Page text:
If you ever have a need to unzip a large number of files that are sitting in Azure Storage then one option is to use Azure Batch. In this post I will show how easy it is to create an application that leverages Azure Batch to unzip files sitting in Azure Storage and place the extracted files back into Azure Storage. A full working solution is available on my github repository here. Azure Batch enables you to run large-scale parallel and high performance computing (HPC) applications efficiently in the cloud. It is a PaaS offering, which means the service will manage the cluster of compute for you and all you have to worry about is creating your logic and submitting to the batch service for execution across the nodes.
In the scenario I will be describing how to create a program that will perform the following steps:
- Create a pool of compute nodes within Azure Batch.
- Create a job within Azure Batch to contain all my tasks.
- Iterate over all files in a targeted Azure storage container.
- Create unzip tasks for each file.
- Add those tasks to the job.
- Execute the job on the created pool.
- Monitor execution.
- Clean up resources on completion.
First, you will need to create a Storage Account and an Azure Batch Service. Once those are created you are ready to start creating your solution. You may already have an existing storage account with your zip files in - if so you can use that.
In Visual Studio, create a console application project. This will be what we execute to run our extraction process as well as creating the Azure Batch pool, job and tasks.
###Unzipper Class Create a class for the extraction logic called UnzipperTask. This will be what is executed for each task. The input will be simply the input uri for the zipped file. Create a method within in this class called TaskMain
This method expects to be passed four arguments: unzipper.exe –Task <blobpath> <storageAccountName> <storageAccountKey>. Blobpath is the URI to the zipped blob. Grab the arguments and create a client to the storage account and to the blob. Below shows how to create a reference to the blob.
Create a reference to the output container as well - this is where all extracted files will be placed.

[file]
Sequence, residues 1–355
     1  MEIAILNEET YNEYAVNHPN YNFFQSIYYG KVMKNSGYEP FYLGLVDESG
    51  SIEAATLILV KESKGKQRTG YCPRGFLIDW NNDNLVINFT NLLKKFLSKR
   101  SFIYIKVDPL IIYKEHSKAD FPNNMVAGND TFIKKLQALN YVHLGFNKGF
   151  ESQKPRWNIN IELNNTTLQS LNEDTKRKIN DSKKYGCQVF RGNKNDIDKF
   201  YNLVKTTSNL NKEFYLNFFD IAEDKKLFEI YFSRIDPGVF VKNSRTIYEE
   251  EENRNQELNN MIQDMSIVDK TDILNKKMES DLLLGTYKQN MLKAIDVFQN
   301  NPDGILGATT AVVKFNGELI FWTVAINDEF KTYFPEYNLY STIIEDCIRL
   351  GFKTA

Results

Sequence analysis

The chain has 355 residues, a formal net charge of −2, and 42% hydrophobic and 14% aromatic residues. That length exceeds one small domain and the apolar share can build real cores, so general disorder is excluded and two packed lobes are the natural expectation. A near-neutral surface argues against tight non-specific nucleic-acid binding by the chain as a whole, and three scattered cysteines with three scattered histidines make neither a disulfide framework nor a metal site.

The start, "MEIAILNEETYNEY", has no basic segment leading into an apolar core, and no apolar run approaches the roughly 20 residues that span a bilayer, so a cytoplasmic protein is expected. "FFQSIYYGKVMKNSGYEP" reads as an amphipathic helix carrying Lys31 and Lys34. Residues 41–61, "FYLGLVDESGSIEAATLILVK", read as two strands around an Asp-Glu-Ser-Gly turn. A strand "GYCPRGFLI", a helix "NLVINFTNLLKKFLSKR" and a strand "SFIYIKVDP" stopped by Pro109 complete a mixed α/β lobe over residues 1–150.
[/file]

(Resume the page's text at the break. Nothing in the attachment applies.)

Using the Stream function, download the blob as a stream, use the ZipArchive class to extract it and then upload it to the output container.
###Job Class Now create a class for creating the Batch pool and jobs called Job. Add 2 constants to hold reference to any dlls and exes that need to be uploaded (this will make it easier to reference later on). In this case, just the program itself and the storage dll.
Create a method called Main(). First create a storage client to a staging storage account (this will be where the dlls are uploaded to). This can be the same storage account the zip files are in if you want. Next create a batch client to reference your Azure Batch Service.
Now create a method called CreatePool and within this create a pool on the Azure Batch Service.
Here you define the compute settings within the pool. This includes how many target nodes, what the machine sku size of each node is, how many tasks per node and what OS family to use on the nodes. It is worth noting that when you submit the tasks to the pool they will be executed on each node until the max tasks per node is reached and then across each node until all the nodes are in use.
You then need to commit this pool to the batch service to create it.
Next, create a method called CreateJob. This will create a job to which you will assign tasks. Within this method add the following code to create the job.
Next, create a method called CreateTasks. This will create tasks for each zipped file. First step is to add a reference to the dll and exe you need to execute for each each task as FileToStage objects.
Now, get a list of all zipped files within the specified container.
For each zipped file create a task.
Add these tasks to a list and return that list from the method. The CloudTask object takes a task id and a command line. The command line here will be the unzipper.exe along with the –Task parameter and a couple of additonal parameters such as the input blob uri.
Next, create a AddTasksToJob method. In this method you will add all the tasks to the job.
In order to monitor the status of your tasks as the execute, create a method called MonitorProgress. This method will wait on all tasks being completed (or a timeout being reached). It is worth noting that if the program ends at this stage unexpectedly and does not execute the clean up logic then the tasks will continue processing.
Finally, when all the tasks are complete you can clean up the pool and job and any resources. Create a method called Cleanup and add clean up operations based on settings flags. Since the pool holds the compute nodes, if you plan to reuse again very quickly afterwards you may not want to delete the pool each time. This is especially typically when doing development and testing as the pool creation can take several minutes.
Call all these methods in sequence from your Job.Main method.
Finally, update the Program.cs Main method to have the following logic.
What this does is call the job creation process if the parameter —Task is not passed. When the Tasks are created, they call the same exe with the —Task parameter which triggers the extraction process.
###Summary At this point you can build and run your project and it should execute. A full working solution is available on my github repository here (just remember to change the Settings.settings file to point to your batch service and storage accounts before running). In addition, the Batch Explorer tool is very useful for connecting to your Batch service account and seeing what is created and what is executing. More examples of Batch Service progams can be found here.